Tuesday, December 18, 2007


Digging at the Cheney House is most interesting because of the obvious connection between past and present. The historical situation proves unique with the site being an integrated part of the contemporary UC Berkeley campus yet also existing as an area with a rich archeological record. Seeing the transformation that the house has made from a residence to a campus office building seems odd looking at the archaeological record. I would not go so far as to compare it to finding Roman ruins underneath a modern Italian office building, but the scenario shares something in common at a basic level. The same stairs that were used one hundred years ago, by someone current students and staff are entirely unfamiliar with, still provide a firm place to sit for lunch. And, all around that modern existing place is the archaeology of some place very different, but obviously the same… if that makes any sense.
The Cheney House provides a connection between past and present that doesn’t exist in most places on campus. While one can look around and see the old buildings and the pictures of South Hall when it was first built, that doesn’t compare to the rediscovery of the material culture that existed here one hundred years ago. One can literally touch Berkeley’s past at the Cheney House. That might, of course, go for all archaeology, but in local respects, on a campus that is constantly modifying itself to keep up with the modern world and changing identities, the direct connection to Berkeley’s century old legacy is vital.


What happens at the Cheney House? Frankly, we dig. Wheelbarrowing out a big pile of buckets, masons trowels, picks, and an assortment of other random tools that comprise an archaeologists tool kit, we set up camp on Tuesdays in front of the current office building called the Cheney House. Hidden behind Wurster, most people never really come into contact with the site. Who would? There is a giant concrete monster concealing it from most of campus. But there we are, digging away. Most people have been involved in two types of work this semester: shovel test pits and excavation units.
The shovel test pits are survey pits, designed to probe locales around the site for material remains. You can see them mostly in the ivy covered area. The pits are 50X50cm and most go down 30-60cm. All sorts of goodies pop up in these pits. We find glass, metal, nails, brick, mortar, and coal. All of this, great stuff to find thrown away into the bushes.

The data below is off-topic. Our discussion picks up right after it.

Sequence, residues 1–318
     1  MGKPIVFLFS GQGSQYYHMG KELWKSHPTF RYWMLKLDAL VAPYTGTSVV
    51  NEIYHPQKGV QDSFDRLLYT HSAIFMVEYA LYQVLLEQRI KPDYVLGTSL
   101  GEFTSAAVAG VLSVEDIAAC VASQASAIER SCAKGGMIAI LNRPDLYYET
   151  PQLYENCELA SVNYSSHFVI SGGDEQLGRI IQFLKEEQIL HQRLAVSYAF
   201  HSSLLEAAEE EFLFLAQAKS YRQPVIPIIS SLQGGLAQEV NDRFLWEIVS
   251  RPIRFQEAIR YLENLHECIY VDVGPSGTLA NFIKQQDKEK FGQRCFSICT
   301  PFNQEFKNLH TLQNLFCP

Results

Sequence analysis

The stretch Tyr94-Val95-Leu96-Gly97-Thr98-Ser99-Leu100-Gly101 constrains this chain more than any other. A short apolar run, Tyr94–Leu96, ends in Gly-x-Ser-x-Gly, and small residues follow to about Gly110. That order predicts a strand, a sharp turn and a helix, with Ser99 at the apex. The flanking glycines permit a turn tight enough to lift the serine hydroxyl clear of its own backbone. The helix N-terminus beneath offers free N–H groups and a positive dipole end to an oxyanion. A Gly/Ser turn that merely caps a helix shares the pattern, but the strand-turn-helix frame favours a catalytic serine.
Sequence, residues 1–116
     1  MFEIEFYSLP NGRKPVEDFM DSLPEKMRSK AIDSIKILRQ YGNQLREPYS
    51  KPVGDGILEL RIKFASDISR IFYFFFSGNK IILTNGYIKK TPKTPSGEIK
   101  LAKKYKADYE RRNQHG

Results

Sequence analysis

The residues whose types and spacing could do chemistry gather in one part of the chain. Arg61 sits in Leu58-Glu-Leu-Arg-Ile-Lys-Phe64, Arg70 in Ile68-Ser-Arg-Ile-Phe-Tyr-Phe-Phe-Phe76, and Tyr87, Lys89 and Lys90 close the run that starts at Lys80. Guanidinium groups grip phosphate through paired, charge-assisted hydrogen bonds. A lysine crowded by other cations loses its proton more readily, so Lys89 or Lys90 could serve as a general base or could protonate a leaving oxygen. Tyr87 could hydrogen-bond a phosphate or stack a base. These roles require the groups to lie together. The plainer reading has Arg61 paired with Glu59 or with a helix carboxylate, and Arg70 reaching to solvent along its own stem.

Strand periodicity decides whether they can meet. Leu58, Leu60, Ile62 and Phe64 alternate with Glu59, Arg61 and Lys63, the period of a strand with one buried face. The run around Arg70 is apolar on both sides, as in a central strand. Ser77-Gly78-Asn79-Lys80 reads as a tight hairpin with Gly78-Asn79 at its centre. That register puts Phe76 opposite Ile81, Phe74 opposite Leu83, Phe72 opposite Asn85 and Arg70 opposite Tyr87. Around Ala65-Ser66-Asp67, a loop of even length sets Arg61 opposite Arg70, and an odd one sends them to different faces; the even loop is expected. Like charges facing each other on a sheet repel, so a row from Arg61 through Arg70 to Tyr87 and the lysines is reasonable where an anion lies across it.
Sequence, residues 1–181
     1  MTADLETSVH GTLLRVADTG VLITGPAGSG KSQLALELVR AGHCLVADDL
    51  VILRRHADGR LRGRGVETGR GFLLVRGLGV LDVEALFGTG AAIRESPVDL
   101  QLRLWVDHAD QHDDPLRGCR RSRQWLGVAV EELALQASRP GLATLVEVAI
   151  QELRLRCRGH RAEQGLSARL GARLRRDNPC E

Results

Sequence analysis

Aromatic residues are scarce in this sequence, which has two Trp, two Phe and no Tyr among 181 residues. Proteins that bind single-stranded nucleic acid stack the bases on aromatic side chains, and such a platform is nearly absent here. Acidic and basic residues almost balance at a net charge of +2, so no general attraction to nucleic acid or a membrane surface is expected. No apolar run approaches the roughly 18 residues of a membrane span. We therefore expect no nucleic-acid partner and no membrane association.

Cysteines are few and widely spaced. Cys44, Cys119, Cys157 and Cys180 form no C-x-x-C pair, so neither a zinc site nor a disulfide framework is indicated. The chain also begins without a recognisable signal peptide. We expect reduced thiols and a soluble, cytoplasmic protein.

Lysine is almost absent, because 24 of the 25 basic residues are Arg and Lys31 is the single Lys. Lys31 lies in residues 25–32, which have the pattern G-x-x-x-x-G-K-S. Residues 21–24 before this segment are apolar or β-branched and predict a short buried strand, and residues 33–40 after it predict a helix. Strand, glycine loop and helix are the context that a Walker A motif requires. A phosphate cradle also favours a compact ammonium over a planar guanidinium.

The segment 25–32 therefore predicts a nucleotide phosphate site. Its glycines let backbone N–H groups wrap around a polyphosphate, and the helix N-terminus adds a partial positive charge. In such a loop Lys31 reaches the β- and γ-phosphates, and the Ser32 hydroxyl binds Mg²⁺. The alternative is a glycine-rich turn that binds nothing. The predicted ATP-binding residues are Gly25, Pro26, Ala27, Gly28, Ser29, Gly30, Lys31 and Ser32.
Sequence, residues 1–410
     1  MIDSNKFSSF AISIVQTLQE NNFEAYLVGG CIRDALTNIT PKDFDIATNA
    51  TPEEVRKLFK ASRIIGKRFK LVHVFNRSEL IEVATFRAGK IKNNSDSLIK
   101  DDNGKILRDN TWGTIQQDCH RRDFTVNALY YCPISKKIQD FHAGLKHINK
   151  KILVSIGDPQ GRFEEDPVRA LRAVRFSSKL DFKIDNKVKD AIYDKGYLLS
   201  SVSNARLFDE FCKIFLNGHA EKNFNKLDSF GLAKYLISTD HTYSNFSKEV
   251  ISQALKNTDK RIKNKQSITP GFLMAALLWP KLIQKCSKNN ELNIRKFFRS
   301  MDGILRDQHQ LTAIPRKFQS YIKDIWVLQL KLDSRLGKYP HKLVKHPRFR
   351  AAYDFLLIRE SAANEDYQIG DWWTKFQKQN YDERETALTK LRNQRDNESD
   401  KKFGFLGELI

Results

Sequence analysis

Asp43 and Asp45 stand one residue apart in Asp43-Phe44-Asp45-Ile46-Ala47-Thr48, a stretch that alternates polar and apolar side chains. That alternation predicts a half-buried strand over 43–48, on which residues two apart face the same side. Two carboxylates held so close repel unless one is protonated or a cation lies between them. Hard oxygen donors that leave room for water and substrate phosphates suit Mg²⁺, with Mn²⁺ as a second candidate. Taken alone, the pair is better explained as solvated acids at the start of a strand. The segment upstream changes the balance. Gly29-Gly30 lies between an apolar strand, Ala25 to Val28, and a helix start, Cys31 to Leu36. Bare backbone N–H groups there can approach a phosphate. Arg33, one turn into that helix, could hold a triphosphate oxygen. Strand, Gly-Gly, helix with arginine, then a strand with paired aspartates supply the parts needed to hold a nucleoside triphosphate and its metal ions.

The other types of dig units are excavation units. These squares, 100X100cm, are dug down much more slowly to carefully reveal the archaeological record. In the case of the units this semester, they were right next to each other and exposed three fun filled features. First, a metal post, possibly a pipe or fence post was found in the SE of the three units. Second, a much more modern pipe was found going through the SW and N unit, revealing a modern trench that has basically obliterated the archaeological record there. Finally, a brick lining, likely of a path or garden was found running through the two south units. The bricks give us an idea of the orientation of the front yard from the house to the old street. Of course, any person could probably go take a look at these units while they are still being dug. At the end of the day, we cover them up with plywood and plastic, and there the evidence sits until next week when we can expose more.

Slightly Comical Lab Talk

I wash coal. It’s fun. It’s like when you had those hot wheel cars as a kid that would change color when you added water. Just add water and a tooth brush and hey, you go from brown to black in no time. Once the coal is black, you just add it to the five pound pile of coal you’re accumulating. This, of course, describes the slightly less glamorous side of archaeology. I mean, you can still show off your ass crack by bending over in lab just as you can leaning over your unit in the field, but you run into less boulders chasing you down a cave as angry natives hurl spears.
Lab work is an integral part of archaeology. It’s when we find out what we got. And, honestly, sometimes it’s just a rock. However, some times you strike gold. Well, not real gold, but really cool metal things. In my time in lab this semester, I’ve bagged or been in the presence of the bagging of a bone toothbrush, weird metal objects that have no obvious use, interesting buttons, and a dime. It wasn’t a special dime. I believe it was from the 60s. But it was bagged, FDR head and all. It’s the people who put in the long hours in the lab, bagging rusty nails, risking tetanus and legs falling asleep at their station who are the unsung heroes of archaeology. Without people cataloging all these artifacts that are dug up in the field, we would never really have evidence. All we would have are plastic bags of dirt covered junk. And the world doesn’t need any more plastic bags of dirt covered junk.

Brady Blasco


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